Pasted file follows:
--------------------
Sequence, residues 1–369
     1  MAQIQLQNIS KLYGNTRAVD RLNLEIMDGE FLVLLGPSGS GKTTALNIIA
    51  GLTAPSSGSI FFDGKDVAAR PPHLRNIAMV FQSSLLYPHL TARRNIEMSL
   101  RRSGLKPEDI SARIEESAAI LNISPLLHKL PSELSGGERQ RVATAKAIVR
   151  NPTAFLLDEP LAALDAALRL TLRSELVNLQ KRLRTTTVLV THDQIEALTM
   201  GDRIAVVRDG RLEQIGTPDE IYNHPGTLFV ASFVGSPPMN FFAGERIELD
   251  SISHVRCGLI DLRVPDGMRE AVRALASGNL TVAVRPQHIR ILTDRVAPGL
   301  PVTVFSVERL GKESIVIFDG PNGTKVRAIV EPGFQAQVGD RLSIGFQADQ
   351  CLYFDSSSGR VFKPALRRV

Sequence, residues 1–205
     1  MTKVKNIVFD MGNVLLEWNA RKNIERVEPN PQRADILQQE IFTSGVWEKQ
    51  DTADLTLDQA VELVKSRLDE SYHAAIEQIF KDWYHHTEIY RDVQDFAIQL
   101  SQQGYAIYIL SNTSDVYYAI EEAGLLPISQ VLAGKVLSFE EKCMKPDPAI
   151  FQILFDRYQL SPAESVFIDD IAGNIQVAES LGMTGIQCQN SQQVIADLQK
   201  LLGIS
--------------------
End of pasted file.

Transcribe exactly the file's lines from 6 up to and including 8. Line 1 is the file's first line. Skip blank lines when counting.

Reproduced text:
   201  GDRIAVVRDG RLEQIGTPDE IYNHPGTLFV ASFVGSPPMN FFAGERIELD
   251  SISHVRCGLI DLRVPDGMRE AVRALASGNL TVAVRPQHIR ILTDRVAPGL
   301  PVTVFSVERL GKESIVIFDG PNGTKVRAIV EPGFQAQVGD RLSIGFQADQ